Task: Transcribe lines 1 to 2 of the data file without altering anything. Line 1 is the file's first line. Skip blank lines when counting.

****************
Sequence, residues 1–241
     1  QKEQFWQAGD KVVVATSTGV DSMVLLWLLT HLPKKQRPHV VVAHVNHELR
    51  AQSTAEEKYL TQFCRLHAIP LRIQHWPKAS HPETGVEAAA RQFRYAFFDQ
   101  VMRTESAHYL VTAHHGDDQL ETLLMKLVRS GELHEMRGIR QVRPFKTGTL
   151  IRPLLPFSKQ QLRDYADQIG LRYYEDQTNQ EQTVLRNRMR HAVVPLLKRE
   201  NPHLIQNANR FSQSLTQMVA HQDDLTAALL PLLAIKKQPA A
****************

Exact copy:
Sequence, residues 1–241
     1  QKEQFWQAGD KVVVATSTGV DSMVLLWLLT HLPKKQRPHV VVAHVNHELR